Visit Indonesia Year 1991

The Minister for Tourism, Post and Telecommunications, Soesilo Soedarman during his visit to London recently, launched the ‘Visit Indonesia Year 1991’ campaign, in a bid to lure more British as well as European tourists to visit Indonesia.

Entering its 46th year of independence, ‘Visit Indonesia Year 1991’ is a celebration and expression of thanksgiving of the whole nation, that in 46 years of struggle and national development, Indonesia has reached a reasonable stage of progress for its 180 million people. “Indonesia wishes to share its joy with the world and invites all nations to visit Indonesia in 1991”, the Minister said.

In 1991, Indonesia will be host to four prestigious global travel industry events, namely the ASEAN Tourism Forum 1991 to be held in Bandung, January 12 to 16, 1991; the PATA Mart in Jakarta (5 to April 7); the PATA Chapters World Congress (April 7 to 9) and the PATA Conference 1991 (April 10 to 13), these latter events will be held on the fabulous island of Bali.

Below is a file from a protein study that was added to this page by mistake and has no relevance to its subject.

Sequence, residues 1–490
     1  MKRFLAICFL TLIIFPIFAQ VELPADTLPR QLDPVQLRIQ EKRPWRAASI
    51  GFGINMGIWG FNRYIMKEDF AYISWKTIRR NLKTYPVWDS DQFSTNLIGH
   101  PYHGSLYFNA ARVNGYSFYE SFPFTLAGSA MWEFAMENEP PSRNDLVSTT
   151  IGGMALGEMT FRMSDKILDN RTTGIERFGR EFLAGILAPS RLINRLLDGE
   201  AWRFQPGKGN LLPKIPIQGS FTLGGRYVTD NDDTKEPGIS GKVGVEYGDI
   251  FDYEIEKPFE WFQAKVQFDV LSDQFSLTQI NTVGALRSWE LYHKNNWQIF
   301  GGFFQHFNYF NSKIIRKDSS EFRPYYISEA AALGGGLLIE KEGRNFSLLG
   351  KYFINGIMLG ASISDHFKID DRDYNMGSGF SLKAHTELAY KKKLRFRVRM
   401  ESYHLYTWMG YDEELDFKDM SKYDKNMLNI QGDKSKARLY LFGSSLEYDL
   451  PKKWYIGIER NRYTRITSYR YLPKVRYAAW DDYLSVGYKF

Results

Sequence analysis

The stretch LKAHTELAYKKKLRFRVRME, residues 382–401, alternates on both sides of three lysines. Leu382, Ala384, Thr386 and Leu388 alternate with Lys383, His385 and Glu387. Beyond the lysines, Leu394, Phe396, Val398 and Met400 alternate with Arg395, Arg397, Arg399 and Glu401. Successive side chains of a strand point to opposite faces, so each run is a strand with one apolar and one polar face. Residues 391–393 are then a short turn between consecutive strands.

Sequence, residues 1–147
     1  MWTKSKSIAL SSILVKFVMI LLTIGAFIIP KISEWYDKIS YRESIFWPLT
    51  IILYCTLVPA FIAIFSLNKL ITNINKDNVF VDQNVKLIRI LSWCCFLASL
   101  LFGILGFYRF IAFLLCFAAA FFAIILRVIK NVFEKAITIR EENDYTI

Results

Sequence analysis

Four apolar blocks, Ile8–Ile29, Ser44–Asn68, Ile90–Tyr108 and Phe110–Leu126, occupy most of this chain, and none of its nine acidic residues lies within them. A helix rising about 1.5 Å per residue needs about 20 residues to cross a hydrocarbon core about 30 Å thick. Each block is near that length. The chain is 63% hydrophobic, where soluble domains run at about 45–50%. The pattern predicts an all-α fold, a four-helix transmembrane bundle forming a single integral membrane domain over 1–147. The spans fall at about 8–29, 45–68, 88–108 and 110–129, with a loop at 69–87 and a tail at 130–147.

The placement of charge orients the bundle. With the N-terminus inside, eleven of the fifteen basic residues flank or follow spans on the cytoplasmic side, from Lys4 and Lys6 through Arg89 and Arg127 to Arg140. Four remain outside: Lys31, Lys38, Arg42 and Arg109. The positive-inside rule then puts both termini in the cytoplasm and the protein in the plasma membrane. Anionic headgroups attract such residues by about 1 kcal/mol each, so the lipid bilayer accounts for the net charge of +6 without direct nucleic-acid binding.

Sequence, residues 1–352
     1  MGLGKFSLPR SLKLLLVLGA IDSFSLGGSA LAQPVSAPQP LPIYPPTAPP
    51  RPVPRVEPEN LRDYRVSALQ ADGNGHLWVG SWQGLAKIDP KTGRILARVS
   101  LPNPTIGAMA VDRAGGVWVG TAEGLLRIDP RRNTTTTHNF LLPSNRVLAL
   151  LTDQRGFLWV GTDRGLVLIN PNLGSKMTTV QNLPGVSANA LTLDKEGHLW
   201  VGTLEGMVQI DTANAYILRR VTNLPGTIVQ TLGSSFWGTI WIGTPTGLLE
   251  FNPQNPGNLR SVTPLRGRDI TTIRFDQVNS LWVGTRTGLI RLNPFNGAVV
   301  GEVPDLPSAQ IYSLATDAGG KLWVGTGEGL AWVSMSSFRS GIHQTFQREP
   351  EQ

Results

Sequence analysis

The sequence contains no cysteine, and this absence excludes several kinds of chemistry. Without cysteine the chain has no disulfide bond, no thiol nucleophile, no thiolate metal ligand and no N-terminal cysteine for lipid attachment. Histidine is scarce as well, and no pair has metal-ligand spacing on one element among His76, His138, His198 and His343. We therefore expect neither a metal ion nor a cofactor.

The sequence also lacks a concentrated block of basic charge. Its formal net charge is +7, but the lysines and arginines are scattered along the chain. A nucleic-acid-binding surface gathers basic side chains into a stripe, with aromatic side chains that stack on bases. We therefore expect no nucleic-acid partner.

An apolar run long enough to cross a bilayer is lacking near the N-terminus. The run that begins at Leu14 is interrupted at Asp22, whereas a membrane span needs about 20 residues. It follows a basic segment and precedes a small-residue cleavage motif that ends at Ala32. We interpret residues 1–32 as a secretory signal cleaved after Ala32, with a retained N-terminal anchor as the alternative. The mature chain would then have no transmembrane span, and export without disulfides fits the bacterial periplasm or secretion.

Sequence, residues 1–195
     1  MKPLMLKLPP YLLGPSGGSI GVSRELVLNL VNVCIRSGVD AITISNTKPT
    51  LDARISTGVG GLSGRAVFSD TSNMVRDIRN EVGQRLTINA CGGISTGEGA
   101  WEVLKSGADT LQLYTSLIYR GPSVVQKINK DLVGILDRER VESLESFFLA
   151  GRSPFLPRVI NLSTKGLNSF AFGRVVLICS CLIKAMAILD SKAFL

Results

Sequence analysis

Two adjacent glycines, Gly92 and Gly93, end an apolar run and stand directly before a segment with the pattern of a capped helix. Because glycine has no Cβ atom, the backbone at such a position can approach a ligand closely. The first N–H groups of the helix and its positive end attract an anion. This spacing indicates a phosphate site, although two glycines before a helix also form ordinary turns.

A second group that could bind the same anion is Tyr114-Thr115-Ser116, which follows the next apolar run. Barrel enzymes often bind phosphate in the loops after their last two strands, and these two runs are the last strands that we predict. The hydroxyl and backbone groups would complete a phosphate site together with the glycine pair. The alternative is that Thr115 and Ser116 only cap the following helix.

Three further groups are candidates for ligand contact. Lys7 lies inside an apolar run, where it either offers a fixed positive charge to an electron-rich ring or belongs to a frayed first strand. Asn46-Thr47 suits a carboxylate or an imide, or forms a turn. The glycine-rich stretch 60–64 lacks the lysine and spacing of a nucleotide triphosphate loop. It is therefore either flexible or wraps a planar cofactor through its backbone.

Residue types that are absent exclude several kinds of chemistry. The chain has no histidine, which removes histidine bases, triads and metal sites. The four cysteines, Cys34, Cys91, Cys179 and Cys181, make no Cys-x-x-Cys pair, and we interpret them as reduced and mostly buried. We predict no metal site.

President Soeharto instructed Minister of Tourism, Post and Telecommunications Soesilo Soedarman on April 4 to prepare the country for increased visitors as a result of an ASEAN tourism campaign. With 1992 designated as “Visit ASEAN Year,” President Soeharto intends to piggy-back on the benefits by declaring 1991 the “Visit Indonesia Year.”

“Visit Indonesia Year 1991” was supported with massive investment in advertising and infrastructure; Ngurah Rai International Airport was expanded with a loan from Japan government with USD 113 million funding; over 2.000 new hotel rooms were built in Nusa Dua’s BTDC area; and direct flights to Bali from New York City as well as Los Angeles were established to support the programme.

“Visit Indonesia Year 1991” was the first official tourism campaign by the Indonesian government. The last major campaign was “Visit Indonesia Year 2008” that was launched to commemorate 100 years of Indonesian National Awakening in 1908. In January 2011, the “Visit Indonesia” campaign was replaced by the “Wonderful Indonesia” campaign until now.